Neelanjana Banerjee one of the actors in the film tells me, “When my casting director called me for this film, he said it’s a feature film that highlights a social issue. I was intrigued right then. It was a cameo but when I got to know it was about the menstrual hygiene theme. I felt a sense of pride taking up the project.”

An ‘A Certificate’ came as a shock to the entire team. We are moving to the Digital Age, but mentally we are stuck in the Stone Age,” regrets Neelanjana.

She believes that in a progressive yet not 100% literate society like ours, it is much more necessary that the natural process of a woman’s body (which is an essential part of her reproductive system) is not treated as a taboo.

“The A certificate to a film like Phullu shows the hypocrisy of our society. We talk a lot about educating the girl-child, sex education for kids, etc. But when it comes to real education or making them understand the situation, we take a backseat. Phullu’s story is an eye-opener and must reach the masses rather than limiting it to the certain audience due to A Certificate,” asserts a somewhat angry Divya Bhatia, owner of H2O Communications New Delhi and mother of a boy and a girl.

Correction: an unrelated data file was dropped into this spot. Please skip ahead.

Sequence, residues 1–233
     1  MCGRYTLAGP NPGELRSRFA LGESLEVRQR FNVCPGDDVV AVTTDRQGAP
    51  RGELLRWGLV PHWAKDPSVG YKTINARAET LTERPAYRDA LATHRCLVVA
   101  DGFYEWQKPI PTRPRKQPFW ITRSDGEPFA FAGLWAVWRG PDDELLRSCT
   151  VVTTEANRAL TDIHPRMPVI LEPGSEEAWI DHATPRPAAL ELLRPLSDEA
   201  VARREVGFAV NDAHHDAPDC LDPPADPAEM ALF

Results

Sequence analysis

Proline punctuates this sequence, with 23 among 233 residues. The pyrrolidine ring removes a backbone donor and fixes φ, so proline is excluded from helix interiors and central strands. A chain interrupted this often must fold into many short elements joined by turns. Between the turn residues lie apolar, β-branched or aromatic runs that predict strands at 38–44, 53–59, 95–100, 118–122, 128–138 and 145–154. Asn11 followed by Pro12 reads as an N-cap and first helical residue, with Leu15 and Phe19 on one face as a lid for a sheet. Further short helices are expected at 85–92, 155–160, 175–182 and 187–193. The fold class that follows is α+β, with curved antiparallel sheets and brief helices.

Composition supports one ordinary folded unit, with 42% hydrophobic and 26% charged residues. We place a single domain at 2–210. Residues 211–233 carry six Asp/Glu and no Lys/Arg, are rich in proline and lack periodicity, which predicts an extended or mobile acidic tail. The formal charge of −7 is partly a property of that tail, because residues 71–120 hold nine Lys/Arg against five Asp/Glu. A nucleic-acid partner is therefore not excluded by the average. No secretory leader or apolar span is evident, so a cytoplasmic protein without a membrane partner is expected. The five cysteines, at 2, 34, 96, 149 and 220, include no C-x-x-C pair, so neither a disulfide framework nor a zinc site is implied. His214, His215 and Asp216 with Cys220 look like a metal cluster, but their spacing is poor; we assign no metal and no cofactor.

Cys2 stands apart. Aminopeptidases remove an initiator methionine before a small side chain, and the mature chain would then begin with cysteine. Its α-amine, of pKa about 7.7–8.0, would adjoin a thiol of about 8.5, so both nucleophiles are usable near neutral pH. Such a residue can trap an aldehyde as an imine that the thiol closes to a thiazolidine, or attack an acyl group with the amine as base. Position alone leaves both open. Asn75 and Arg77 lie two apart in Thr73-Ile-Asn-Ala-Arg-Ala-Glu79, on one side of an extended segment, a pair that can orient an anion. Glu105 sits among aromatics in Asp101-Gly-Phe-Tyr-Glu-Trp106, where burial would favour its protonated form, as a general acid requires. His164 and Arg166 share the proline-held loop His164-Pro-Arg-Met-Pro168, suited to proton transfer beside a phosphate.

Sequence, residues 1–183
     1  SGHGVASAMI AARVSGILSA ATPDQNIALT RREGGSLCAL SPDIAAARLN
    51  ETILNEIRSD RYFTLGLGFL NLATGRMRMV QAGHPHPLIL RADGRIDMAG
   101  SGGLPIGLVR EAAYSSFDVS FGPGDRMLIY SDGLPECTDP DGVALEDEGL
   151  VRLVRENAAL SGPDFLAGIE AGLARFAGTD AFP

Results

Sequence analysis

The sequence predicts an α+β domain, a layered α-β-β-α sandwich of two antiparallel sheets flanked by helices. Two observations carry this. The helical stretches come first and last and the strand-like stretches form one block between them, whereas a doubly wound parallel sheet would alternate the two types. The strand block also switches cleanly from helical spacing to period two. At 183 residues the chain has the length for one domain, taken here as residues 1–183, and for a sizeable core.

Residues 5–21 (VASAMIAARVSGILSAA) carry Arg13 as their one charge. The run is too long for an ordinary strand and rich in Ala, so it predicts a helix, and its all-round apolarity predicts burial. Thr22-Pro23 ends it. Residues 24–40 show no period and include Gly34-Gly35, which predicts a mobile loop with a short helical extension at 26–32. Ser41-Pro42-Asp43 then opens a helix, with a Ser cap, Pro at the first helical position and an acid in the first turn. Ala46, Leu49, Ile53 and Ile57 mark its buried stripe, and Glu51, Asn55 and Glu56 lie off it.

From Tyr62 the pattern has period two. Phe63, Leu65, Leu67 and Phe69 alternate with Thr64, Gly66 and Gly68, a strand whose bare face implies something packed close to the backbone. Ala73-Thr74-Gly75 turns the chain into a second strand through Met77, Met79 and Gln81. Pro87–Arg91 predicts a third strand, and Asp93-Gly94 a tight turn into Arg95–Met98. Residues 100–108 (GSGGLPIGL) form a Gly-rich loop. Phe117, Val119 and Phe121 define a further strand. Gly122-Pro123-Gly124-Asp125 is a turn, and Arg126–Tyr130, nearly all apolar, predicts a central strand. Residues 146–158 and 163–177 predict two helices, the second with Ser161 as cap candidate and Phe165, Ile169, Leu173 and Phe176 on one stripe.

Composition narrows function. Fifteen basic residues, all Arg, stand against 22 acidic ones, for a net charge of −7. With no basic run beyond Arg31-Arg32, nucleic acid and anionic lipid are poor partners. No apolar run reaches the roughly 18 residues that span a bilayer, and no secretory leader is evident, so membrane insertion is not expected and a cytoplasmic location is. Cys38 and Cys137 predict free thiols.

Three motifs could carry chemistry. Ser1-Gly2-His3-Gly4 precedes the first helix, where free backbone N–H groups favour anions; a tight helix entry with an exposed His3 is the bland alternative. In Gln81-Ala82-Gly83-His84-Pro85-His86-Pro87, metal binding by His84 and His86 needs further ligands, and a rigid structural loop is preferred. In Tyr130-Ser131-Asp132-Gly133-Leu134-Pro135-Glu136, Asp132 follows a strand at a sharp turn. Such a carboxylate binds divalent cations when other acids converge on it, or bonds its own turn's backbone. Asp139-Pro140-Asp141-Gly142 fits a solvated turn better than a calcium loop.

Aditya Sinha, a Patna, Bihar-based banker believes, “Start the conversation on menstruation early and start it with boys. I am an educated banker, but I got to know about menstruation and the entire process through my girlfriend, who is now my wife. My son, I will ensure, understands the nuances early.”

Hearing him gives me a sense of relief that at least few around me are moving in the right direction. But are these few enough? These few are from the urban areas and the message has to reach the rural ones where in general even normal hygiene is a big issue.

In short, a film which deserved an applause for bringing to fore an important message was given an ‘A Certificate’.

But, in a film world, where at times even bikini shots are passed without an A certification, films based on a social cause like Phullu cannot reach the right audience. Any secret motive behind it or just a backward mindset?

I wrap it up by reminding the CBFC that Phullu says “Jo Aurat Ka Dard Nahin Samajhta, Bhagwan Usey Mard Nahin Samajhta.” Period

©Mahima Sharma

Photos and videos from the internet.

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A science graduate from Delhi University and MA in Mass Communication, Mahima began her career with E-Lexicon PR & Mutual PR and Hindustan Times. Soon, ANI (a collaboration with Reuters) got her aboard, where she spread her wings in TV, Print & Digital Journalism. In 2010 Rajdeep Sardesai’s flagship primetime show gave her, a dream job at CNN-IBN. From May 2017, she is a freelance journalist. She is a poet and a Sufi at heart.